Franchising Code of Conduct – Everything You Need to Know

Author: Ian Aldridge, Progressive Legal

franchising code of conduct

Franchising has become a popular business model worldwide, providing entrepreneurs with opportunities to start their own ventures under established brand names. The Australian government introduced the Franchising Code of Conduct to ensure a fair and transparent relationship between franchisors and franchisees.

The Competition and Consumer (Industry Codes – Franchising) Regulation 2014 (Cth), otherwise known as the Franchising Code of Conduct, is a regulatory framework enforced by the Australian Competition and Consumer Commission (ACCC). It governs how a franchisor and franchisee should conduct themselves before entering a franchise agreement, during the term of the agreement, and upon its termination. 


What is the Purpose of the Franchising Code of Conduct? 

The purpose of the Franchising Code of Conduct is to ensure that there is a fair and balanced relationship between franchisors and franchisees. It promotes transparency and includes special provisions to protect the rights of both parties involved.

It ensures that all parties are prescribing to certain standards and maintaining integrity within the franchise system as a whole. The code also provides a structured dispute resolution process, encouraging parties to resolve conflict through mediation before proceeding to litigation

What are the Key Provisions of the Franchising Code of Conduct? 

Duty to Act in Good Faith

The code promotes a relationship of good faith and mutual trust between franchisors and franchisees. Both parties are required to act honestly, reasonably, and cooperate in achieving the purposes of the franchise agreement. A franchisor’s conduct will lack good faith if they do not provide full disclosure of their business operations or deny the franchisee the benefits of a contract.  

Duty to Disclose

The Franchising Code of Conduct establishes strict requirements for disclosure. The code requires franchisors to provide a disclosure document to potential franchisees. The disclosure document contains essential information about the franchisor’s business, including financial details, business history, and ongoing obligations. This ensures the franchisee has all the information they need to make an informed decision.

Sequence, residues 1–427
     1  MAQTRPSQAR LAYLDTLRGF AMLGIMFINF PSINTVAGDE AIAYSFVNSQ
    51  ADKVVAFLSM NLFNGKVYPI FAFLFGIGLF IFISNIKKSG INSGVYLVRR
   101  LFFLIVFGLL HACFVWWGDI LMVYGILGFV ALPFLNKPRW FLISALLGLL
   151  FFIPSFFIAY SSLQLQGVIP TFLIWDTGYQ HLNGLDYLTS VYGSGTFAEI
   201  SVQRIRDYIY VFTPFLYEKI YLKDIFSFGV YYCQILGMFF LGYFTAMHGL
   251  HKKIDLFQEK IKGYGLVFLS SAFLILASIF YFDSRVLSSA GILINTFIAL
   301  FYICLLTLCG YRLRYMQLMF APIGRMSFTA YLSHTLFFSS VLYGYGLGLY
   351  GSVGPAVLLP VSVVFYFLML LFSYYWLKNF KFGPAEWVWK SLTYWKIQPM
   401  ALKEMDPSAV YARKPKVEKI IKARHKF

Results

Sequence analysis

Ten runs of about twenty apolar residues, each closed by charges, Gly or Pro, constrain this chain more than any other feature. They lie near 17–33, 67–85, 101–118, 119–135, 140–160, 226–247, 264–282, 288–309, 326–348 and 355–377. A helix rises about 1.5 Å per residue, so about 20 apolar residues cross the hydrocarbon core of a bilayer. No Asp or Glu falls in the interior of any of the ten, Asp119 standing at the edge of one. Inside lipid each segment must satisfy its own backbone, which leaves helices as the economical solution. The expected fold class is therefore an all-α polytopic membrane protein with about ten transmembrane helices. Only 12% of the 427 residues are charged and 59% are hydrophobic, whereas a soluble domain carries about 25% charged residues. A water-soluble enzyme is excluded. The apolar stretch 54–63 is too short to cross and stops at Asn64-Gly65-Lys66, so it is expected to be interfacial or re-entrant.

Furthermore, a franchisor must provide prospective franchisees with lease documents if they are leasing a premises and allow the franchisee to occupy the premises.  

The documents a franchisor will need to provide franchisees include: 

  • A disclosure document;  
  • A key facts sheet;  
  • An information statement on the code; 
  • A franchise agreement; and 
  • lease documents (if applicable). 

Marketing Fund and Accounts

The code regulates the establishment and management of marketing and advertising funds by franchisors. It requires transparency in the use of these funds and mandates regular financial reporting to franchisees regarding the marketing activities and expenditures. 

Cooling Off Period

The code provides a cooling-off period for franchisees after entering into a franchise agreement. This period allows franchisees to reconsider their decision and, if they choose to do so, withdraw from the agreement within 14 days without facing penalties or consequences.  

If a franchisee does not provide a notice of withdrawal within the timeframe, the signed franchise agreement will be enforced upon them. This period only applies to new franchisees. It does not apply to renewals, extensions, or transfers of existing franchises.  

Dispute Resolution

The code establishes a dispute resolution process to resolve conflicts between franchisors and franchisees. This process encourages mediation and alternative dispute resolution methods before resorting to litigation, aiming to facilitate fair and efficient resolution of disputes. This helps address issues quickly and reduces the negative impact on the franchising industry.  

If you need legal assistance in dispute resolution our dedicated team are here to guide you. Make an enquiry below.

Who Does the Franchising Code of Conduct Apply To? 


Franchisors are entities that grant franchise rights to other individuals or businesses. They are responsible for the overall management of the franchise system. They often provide, support, training, materials, marketing, and other various resources to franchisees. They receive a certain amount of fees and royalties from each franchisee that is using their brand name. It is common to going into franchising to expand the reach of your business.